You can read this story in the September 14, 2015 issue of The New Yorker.
This post can also be seen on The Mookse and the Gripes.
First Line: "She didn't know what had possessed her to participate in such a thing."
Last Line: "She didn't even see herself leaving, having just, at last, gone."
I am fascinated by stories of older women – how they look at their past, how they anticipate the future, and how they see their present experience. This focus in fiction creates microcosms of how we all tell stories – create our own narratives – to make life a little bit easier, to validate who we have become.
Joy Williams took us right into the center of a story, knowing we would catch on rather quickly. How can we not? We see, even if Ruth cannot – will not.
Ruth is like many we have met. She has a sense of superiority, propriety, gentility. She has seen the neighboring child before, but they only begin to converse when the older woman is eating lunch – a tuna sandwich with adverse effects. The child is not there to play in her gulley (is that what Ruth would have loved to do as a child?) but to draw the woman with art supplies from a hard-to-ignore backpack.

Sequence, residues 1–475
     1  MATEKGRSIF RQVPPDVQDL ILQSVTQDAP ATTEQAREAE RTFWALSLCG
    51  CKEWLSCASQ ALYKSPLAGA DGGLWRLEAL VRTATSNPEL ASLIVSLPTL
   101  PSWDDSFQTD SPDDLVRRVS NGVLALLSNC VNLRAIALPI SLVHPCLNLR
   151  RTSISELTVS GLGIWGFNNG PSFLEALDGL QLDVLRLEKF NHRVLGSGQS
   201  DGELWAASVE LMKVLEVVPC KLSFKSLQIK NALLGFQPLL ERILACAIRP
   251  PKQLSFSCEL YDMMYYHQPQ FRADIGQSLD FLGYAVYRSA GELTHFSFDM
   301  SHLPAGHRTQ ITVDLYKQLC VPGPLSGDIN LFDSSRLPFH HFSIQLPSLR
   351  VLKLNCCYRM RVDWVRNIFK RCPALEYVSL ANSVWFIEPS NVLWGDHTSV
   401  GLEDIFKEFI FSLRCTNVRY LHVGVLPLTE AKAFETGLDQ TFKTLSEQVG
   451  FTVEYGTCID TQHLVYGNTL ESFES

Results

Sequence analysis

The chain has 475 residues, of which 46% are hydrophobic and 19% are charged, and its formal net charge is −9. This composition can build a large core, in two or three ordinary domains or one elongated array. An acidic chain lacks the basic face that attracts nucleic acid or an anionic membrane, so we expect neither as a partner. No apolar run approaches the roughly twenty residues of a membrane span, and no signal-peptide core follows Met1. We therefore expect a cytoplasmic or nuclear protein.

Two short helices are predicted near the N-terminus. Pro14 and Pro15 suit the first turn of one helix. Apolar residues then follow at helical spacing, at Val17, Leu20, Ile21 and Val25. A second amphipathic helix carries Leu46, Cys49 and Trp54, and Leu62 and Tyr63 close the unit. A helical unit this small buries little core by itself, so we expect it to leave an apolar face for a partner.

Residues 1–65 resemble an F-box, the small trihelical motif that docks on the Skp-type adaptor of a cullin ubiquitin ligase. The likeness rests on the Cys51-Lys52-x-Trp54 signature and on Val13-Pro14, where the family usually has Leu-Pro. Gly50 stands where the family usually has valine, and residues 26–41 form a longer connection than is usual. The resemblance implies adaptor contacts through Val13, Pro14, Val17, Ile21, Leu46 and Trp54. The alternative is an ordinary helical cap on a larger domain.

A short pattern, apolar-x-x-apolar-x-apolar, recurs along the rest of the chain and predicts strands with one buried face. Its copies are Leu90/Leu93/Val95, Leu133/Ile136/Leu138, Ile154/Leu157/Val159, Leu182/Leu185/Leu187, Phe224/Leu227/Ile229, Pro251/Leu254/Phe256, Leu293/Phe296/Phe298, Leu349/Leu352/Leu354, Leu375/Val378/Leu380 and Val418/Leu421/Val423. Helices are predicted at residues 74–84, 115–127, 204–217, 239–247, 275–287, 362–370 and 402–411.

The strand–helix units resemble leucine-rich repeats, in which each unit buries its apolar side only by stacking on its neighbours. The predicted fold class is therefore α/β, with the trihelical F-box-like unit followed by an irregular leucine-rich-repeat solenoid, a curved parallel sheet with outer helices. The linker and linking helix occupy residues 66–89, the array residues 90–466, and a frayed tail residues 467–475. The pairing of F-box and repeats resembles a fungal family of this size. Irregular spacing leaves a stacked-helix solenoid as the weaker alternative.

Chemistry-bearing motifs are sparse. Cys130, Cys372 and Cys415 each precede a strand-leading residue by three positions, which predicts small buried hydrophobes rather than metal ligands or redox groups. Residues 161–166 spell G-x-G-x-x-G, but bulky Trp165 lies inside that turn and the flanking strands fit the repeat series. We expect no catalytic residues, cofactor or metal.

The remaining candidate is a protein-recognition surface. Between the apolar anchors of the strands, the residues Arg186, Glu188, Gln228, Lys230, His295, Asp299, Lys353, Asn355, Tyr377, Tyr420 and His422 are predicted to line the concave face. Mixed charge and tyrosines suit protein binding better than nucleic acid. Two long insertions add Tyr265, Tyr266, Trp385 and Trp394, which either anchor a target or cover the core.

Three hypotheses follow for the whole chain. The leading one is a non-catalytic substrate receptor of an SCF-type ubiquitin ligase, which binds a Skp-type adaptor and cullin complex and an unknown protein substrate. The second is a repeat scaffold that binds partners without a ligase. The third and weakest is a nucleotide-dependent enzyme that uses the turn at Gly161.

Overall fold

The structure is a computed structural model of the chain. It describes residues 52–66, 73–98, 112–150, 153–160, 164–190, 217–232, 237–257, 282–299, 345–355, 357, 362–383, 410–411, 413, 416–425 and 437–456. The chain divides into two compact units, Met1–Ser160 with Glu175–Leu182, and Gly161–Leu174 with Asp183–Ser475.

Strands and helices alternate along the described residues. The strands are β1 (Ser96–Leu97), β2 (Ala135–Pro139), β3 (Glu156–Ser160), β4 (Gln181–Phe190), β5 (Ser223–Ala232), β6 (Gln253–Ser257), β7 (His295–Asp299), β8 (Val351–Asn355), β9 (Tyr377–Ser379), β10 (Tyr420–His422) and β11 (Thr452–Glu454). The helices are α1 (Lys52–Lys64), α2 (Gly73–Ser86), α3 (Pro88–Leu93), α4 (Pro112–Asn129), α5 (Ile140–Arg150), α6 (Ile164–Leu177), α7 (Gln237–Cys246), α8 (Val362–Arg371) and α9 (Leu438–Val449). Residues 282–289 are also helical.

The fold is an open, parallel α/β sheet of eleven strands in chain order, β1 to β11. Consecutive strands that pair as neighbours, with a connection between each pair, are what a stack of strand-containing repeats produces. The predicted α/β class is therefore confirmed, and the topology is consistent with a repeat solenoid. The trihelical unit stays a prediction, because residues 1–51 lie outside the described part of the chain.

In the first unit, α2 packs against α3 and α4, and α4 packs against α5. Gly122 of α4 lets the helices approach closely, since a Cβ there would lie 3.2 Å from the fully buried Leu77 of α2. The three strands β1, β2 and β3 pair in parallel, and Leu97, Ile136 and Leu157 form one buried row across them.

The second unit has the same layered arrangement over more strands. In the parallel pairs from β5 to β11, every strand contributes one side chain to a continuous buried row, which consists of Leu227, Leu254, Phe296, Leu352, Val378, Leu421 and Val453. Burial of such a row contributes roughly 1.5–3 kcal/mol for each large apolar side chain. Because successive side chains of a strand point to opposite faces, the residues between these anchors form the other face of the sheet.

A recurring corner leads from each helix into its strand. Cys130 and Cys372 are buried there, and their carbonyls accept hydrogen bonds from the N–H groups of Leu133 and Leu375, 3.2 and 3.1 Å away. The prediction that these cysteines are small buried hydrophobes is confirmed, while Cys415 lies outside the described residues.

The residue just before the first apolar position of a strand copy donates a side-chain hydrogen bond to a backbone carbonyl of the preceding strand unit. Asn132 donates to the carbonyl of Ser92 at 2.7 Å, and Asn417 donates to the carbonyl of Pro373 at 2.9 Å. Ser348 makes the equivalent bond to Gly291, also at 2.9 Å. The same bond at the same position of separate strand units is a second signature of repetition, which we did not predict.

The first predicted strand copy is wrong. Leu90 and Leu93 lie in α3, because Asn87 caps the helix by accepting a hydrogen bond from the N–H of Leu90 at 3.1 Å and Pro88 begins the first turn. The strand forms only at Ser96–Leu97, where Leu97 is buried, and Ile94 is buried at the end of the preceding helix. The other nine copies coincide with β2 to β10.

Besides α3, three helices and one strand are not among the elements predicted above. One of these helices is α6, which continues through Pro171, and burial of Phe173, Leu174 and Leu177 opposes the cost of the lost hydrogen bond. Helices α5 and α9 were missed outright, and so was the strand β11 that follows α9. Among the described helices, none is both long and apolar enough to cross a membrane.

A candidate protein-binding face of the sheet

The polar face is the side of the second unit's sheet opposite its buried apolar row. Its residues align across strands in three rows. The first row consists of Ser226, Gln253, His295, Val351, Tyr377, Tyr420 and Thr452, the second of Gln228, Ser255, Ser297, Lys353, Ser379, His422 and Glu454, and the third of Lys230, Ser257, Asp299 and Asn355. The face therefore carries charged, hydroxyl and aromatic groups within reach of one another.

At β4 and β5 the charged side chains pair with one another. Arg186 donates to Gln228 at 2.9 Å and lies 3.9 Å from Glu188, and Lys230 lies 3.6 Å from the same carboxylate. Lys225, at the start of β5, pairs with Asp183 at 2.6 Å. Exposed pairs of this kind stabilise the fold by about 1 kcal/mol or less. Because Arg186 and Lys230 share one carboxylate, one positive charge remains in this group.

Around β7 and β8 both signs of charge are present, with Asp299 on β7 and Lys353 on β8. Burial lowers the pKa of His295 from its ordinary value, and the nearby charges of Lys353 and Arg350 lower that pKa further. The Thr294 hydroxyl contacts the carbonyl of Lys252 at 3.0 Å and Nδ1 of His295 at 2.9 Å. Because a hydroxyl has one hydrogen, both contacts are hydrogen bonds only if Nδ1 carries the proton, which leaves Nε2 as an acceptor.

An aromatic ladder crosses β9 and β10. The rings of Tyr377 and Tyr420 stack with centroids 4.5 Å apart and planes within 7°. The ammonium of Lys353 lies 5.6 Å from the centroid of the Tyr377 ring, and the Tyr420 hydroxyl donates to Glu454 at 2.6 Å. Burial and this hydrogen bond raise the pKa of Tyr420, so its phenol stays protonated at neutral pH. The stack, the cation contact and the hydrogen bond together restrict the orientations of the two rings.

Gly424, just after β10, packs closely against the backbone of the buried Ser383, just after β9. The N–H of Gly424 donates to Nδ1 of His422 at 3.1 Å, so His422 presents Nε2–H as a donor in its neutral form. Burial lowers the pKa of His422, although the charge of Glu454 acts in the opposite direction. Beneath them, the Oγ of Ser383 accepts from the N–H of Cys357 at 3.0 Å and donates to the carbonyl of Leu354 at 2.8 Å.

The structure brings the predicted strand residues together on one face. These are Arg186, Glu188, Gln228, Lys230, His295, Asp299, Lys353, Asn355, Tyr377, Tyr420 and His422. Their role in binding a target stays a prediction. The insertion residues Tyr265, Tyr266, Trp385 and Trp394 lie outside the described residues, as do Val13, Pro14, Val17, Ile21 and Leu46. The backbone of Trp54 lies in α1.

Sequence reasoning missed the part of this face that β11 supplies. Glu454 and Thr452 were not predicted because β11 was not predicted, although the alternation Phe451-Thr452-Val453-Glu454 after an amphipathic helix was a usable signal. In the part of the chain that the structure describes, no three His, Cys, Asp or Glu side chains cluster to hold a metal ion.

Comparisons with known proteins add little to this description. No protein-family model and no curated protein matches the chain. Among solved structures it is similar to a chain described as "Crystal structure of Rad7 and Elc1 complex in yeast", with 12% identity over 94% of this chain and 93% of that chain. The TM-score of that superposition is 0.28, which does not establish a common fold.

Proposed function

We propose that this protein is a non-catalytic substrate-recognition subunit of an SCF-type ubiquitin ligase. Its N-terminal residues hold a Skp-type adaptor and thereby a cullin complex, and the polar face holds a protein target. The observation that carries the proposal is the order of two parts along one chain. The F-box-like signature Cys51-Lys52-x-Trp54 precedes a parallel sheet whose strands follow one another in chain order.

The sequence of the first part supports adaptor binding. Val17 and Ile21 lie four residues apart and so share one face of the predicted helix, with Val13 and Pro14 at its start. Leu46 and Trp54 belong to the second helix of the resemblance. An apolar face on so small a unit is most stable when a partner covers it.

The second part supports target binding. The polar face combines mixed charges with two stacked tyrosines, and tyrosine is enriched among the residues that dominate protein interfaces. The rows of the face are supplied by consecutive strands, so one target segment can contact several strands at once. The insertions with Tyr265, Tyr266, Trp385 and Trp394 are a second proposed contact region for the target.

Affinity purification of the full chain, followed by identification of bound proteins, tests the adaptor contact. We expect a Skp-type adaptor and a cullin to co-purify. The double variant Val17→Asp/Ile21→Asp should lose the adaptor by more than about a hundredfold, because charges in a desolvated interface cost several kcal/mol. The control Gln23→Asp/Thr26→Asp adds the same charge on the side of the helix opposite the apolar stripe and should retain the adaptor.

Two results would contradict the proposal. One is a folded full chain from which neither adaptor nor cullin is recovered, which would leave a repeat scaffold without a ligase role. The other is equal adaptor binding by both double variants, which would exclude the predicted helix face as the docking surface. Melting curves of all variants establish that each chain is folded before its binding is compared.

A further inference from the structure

A friendship of sorts is born. The child visits. Her questions are as pointed and guileless as her responses are very adult and clinical.
This story is sweet and simple. The themes are universal – easy to find, and easy to connect with. I am enthused by how unencumbered the piece is. Even what may appear complicated – intricate - is really quite straight-forward.
"Chicken Hill" is a clear-eyed view of what we do not like to see.
Photo credit: https://s-media-cache-ak0.pinimg.com/736x/65/14/98/651498b227e651057a681ba49809f2a6.jpg